FIG. 11 shows a side view of the tube holder assembly further clarifying the relationships between its parts. A portion of the clip 136 is visible, protruding through the rectangular opening 130D in holder body 130. Pressing at positions 136A between thumb and forefinger actuates the clip to the open position. The view shown in this figure also reveals a knurled portion 130E which aids in handling the holder body 130, and in the twisting thereof for engaging the insertion assembly, an operation to be further described. Also more plainly visible in this view is slot 130f which provides engagement means with the aforementioned cam protrusions interior to the housing bore. The slot 130f is longitudinal along a portion of its length, and circumferential along a second portion of its length. This slot profile would result, for example, by running a rotating mill bit at first longitudinally from right to left as shown through region 145, then rotating the tube holder body 130 about its longitudinal axis with said rotating mill bit held in place such that the slot 130F is extended azmuthally about the longitudinal axis of holder body 130, as shown. Such an operation would be carried out on known three-axis CNC turning centers or Swiss screw machines.
FIG. 12 is a front end view of the holder assembly shown in FIG. 11.
FIG. 13 shows a sectional view of the fully operative quick-connect assembly in which tube holder 130 is inserted into housing 110. In this view, it is demonstrated that a flange 130E formed on holder body 130 by cutting of notch 130C rests upon flat 116A of cam 116. This illustrates one aspect of the engagement between the insertion assembly and the tube holder. This engaging relationship is established by rotating the tube holder about its longitudinal axis about ninety or more degrees with respect to the view shown in FIG. 13 so that upon insertion of the holder into the housing assembly, the longitudinal run of the notch 130C clears those portions of the cams 116 which protrude inside the central bore of the housing. Once inserted, the holder body is rotated about ninety degrees about its longitudinal axis to the position shown in FIG. 13 which causes the aforementioned engagement between the holder assembly and the insertion assembly. FIG. 13 also shows that the spindle 112 is threaded onto device fitting 140, and that lock-nut 138 can be used to lock the spindle 112 and device fitting 140 into fixed relationship once the installation of the insertion assembly onto the device fitting 140 is complete. The installation will be further described below.
FIG. 14 shows a front view of the cam 116. The outside diameter of the portion which protrudes inside the housing is indicated at 116C, and the aforementioned flat at 116A. This view reveals a reduced diameter 116D, which accounts for one of the most advantageous features of this embodiment. Rotation of the cam counterclockwise will lift any object resting or engaging the flat 116A by the full radius corresponding to circumference 116C, whereas clockwise rotation will lift the object by a lesser amount equal to the reduced radius corresponding to circumference 116D. Thus, when the lever (not shown in FIG. 14) is actuated so as to rotate the cam in one sense or the other, different net sealing forces on the ferrule result. The ability to seat a ferrule with a first sealing force or alternatively with a second sealing force is useful in the art of capillary chromatography. In that art, ferrules of different materials or elasticities, including graphatized Vespel® graphite are commonly employed, which materials require different sealing forces for proper ferrule sealing.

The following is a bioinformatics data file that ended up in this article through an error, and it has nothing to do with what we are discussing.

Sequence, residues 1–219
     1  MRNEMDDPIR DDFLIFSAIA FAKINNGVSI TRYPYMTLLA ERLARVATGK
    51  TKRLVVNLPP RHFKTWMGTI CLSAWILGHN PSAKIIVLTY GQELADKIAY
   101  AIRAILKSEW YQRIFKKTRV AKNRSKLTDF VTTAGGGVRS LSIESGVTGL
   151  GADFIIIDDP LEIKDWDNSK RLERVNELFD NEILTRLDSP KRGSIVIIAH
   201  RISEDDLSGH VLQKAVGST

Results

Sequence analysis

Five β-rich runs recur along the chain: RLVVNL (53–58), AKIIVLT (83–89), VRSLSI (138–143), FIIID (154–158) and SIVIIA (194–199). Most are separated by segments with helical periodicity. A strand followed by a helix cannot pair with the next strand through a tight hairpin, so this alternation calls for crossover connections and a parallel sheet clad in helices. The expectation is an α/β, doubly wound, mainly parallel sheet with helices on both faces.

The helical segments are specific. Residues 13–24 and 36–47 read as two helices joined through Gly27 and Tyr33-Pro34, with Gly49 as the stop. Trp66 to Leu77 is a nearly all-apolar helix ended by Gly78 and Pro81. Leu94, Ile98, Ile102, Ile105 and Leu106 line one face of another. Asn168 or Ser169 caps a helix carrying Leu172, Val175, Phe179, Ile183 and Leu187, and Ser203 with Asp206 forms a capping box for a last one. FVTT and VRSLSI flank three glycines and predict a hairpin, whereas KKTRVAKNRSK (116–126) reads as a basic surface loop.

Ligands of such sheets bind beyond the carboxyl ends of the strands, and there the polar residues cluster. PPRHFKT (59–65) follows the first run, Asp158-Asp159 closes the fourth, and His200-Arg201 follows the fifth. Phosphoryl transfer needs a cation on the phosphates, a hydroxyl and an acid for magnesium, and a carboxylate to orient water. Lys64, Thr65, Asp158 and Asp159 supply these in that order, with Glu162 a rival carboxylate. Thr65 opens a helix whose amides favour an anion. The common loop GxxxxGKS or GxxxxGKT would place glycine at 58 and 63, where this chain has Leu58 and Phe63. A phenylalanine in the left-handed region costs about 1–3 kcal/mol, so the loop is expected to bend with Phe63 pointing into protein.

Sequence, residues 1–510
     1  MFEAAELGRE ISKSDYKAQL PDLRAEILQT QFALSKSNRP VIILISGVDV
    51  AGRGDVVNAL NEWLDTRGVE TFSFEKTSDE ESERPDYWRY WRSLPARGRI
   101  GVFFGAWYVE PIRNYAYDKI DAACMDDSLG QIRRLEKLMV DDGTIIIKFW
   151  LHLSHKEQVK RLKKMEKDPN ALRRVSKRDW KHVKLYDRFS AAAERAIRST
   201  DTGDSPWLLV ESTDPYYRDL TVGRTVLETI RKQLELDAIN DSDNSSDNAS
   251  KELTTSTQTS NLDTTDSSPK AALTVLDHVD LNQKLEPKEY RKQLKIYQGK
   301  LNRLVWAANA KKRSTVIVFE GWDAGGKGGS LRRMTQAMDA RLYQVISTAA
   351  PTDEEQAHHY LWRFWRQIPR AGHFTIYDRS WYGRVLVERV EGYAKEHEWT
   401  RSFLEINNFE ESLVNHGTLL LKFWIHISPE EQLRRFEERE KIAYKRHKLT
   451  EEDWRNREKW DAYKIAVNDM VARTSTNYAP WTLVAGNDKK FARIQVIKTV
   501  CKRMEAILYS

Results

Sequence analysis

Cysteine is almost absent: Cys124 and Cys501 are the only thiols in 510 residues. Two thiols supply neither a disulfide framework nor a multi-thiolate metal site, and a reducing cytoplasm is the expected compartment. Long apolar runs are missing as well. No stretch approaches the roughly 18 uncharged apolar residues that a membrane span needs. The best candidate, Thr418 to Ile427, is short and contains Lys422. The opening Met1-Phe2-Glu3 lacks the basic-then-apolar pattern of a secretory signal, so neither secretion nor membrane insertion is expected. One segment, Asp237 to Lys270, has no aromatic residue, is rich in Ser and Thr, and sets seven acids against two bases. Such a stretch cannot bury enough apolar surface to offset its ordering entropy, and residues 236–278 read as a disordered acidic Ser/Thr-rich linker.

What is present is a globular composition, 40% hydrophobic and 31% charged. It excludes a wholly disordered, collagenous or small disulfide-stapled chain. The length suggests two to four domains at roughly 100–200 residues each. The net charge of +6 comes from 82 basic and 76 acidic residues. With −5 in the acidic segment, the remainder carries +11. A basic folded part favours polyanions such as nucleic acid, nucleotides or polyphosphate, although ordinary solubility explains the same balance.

Installation of the insertion assembly onto the device fitting proceeds in the same way as previously described. Operation of the holder and tube combination, in cooperation with the insertion assembly, also proceeds in substantially the same way as previously described for the first mentioned embodiment.
Tube holder insertion and column gripping means differ in some respects from the first embodiment, however, as is further described below.
According to the present invention, the tube holder is inserted into the housing, then rotated about its longitudinal axis so as to engage the cams of the insertion assembly. Consequently, tube gripping means integral to the holder must be capable of rotational slippage, rolling, orbit, or other rotational movement about the longitudinal axis of the held tube, even as the tube is gripped, so as to prevent longitudinal displacement of the tube end relative to the end of the captured ferrule during the rotational movement. The clip 136, which is made of polished spring metal, achieves rotational slippage about the tube. It is found that the small amount of torque applied to the tube as a result of this rotational slippage is not important, even if the tube is a capillary of the type commonly employed in chromatography. An alternative embodiment of the clip would include needle bearings which would roll on the tube surface, but not slip in the longitudinal direction, the clip then forming a needle bearing race.